Microsoft Word: A Tool for Annotation

Not too long ago I blogged about Google Notebook as a tool for annotation.

Of course, annotation isn’t a new concept, and therefore there are other tools that allow for it.

Not surprisingly, Microsoft Word is one of these tools. By use of comments, Word allows for annotation. I’ve made available Word and PDF examples elsewhere. In addition to annotations via Word comments being author and date stamped, my example illustrates how annotations via Word comments:

  • Can indicate a specific point in a document – The start or end of the orignal blog post in my example
  • Can span a number of document elements – A few paragraphs and an item of a bulleted list in my example

My example also illustrates how annotations via comments are distinct from tracked changes, the latter being another very powerful capabilty in Word.

Although Word can annotate to at least the degree described here, there is one aspect that is limiting. To be wholly useful in the context of annotation, Microsoft needs to expose its mechanism of fragment identification. This is the Word equivalent of an XPointer entry. (The same applies to Google Notebook. Microsoft and Google may have already allowed for this through some API, Application Programming Interface. I just haven’t spent any time looking for them.) Using my Mac, I converted the Word example into HTML. (Sorry, WordPress wouldn’t allow me to upload it!) Comments become linked footnotes. Although this is understandable, aspects of the annotation are lost in translation. I’ll look at an XML-based representation next time I’m at my desktop PC to see if that does any better. Stay tuned.

In closing, it’s important to note that Word is representative of current office productivity software in its ability to convey annotations. In other words, I would expect that OpenOffice and others could do the same. Somewhat related Adobe Acrobat also allows for a similar capability in the case of PDF documents.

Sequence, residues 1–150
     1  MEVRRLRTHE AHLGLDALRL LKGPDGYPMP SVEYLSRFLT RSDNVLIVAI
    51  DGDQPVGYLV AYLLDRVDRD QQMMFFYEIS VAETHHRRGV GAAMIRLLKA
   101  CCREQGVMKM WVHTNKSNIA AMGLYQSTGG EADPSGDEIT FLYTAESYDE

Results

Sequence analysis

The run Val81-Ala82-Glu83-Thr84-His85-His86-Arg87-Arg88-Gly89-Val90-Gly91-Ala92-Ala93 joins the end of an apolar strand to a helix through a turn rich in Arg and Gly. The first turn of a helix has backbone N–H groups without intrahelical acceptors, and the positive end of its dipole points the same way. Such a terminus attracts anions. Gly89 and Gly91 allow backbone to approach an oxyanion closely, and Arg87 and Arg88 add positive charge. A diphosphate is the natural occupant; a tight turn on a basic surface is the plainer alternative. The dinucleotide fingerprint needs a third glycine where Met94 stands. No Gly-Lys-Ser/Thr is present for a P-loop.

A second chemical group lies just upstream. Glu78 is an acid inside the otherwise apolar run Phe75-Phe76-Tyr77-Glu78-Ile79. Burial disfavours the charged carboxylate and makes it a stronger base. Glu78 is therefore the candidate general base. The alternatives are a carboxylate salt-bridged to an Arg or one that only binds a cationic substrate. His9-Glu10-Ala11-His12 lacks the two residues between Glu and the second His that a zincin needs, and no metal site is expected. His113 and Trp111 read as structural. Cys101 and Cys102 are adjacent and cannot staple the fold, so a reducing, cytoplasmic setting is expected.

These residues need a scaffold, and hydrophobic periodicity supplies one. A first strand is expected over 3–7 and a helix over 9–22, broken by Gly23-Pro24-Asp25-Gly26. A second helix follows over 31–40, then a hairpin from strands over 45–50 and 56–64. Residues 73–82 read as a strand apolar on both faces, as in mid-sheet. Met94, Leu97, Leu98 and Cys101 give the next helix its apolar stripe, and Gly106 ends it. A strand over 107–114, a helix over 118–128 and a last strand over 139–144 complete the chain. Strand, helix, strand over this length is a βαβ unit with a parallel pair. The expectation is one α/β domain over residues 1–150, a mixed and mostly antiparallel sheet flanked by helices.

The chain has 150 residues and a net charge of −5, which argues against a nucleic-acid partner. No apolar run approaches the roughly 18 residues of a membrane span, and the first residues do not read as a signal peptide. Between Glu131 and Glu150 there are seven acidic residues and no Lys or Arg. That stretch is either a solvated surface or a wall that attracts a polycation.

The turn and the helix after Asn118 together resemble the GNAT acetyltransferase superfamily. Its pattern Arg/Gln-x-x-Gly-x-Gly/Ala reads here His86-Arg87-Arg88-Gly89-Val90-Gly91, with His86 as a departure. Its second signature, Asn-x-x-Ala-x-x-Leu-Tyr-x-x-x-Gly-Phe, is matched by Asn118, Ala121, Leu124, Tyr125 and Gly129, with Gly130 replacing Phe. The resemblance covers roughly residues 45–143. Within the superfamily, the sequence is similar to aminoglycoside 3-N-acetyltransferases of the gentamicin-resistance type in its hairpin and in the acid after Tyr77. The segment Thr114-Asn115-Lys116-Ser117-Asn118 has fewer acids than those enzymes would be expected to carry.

26 thoughts on “Microsoft Word: A Tool for Annotation

  1. In this post, I wrote: “I’ll look at an XML-based representation next time I’m at my desktop PC to see if that does any better.”

    The answer is: It does!

    More soon.

  2. Pingback: Google Docs: A Tool for Annotation « Ian Lumb’s Blog

  3. You might be interested in having a look at too – it lets you attach annotations to highlighted text of microsoft word and PDF documents in the browser without needing any plugins. You can also get a URL link to a particular annotation, e.g. a sample note on a PDF document (if wordpress comments can cope with this url…)

    (highlight text to write new notes).

    The notes get stored separately from the original document, and can be exported as JSON if needed, with references to the page number and start/end word indices.

    Annotation has been around for a while … Vannevar Bush proposed his mechanical Memex precursor to hypertext back in 1945 with marginal notes, and there’s an interesting post on ‘glosses’ from the 16th century:


  4. I realize you weren’t addressing teachers annotation goals specifically. But the ability to quickly and clearly comment on a student’s paper (whether draft or final, collected via email or Blackboard/Moodle) is increasingly important. Because students now expect digital content, and teachers are increasingly sensitive to the environmental costs of printing hundreds of pages, electronic documents are growing in popularity.

    There are some tools out there – the one mentioned above is particularly cool and reminds me of Vuzit. Bedford St. Martins have a web-based tool called ‘Comment’ (!) similar to Turnitin’s GradeMark – and they’re visually cool but slow if you’re grading zillions of papers. Plus, they attempt to replicate the professional editor’s process (with arcane symbols etc.), not the real world of student/teacher interaction.

    I’ve been beta-testing a Microsoft Word add-in called ‘Annotate’ (very original)…it’s simple, fast, and slick because it adds a ribbon to Word 2007 and therefore looks like a native feature. It makes the marginal comments in Word much more readable, and adds standard comments appropriate to a college/high school audience. You can find it here:

    Jim C.

  5. Pingback: 2010 in review « Ian Lumb’s Blog

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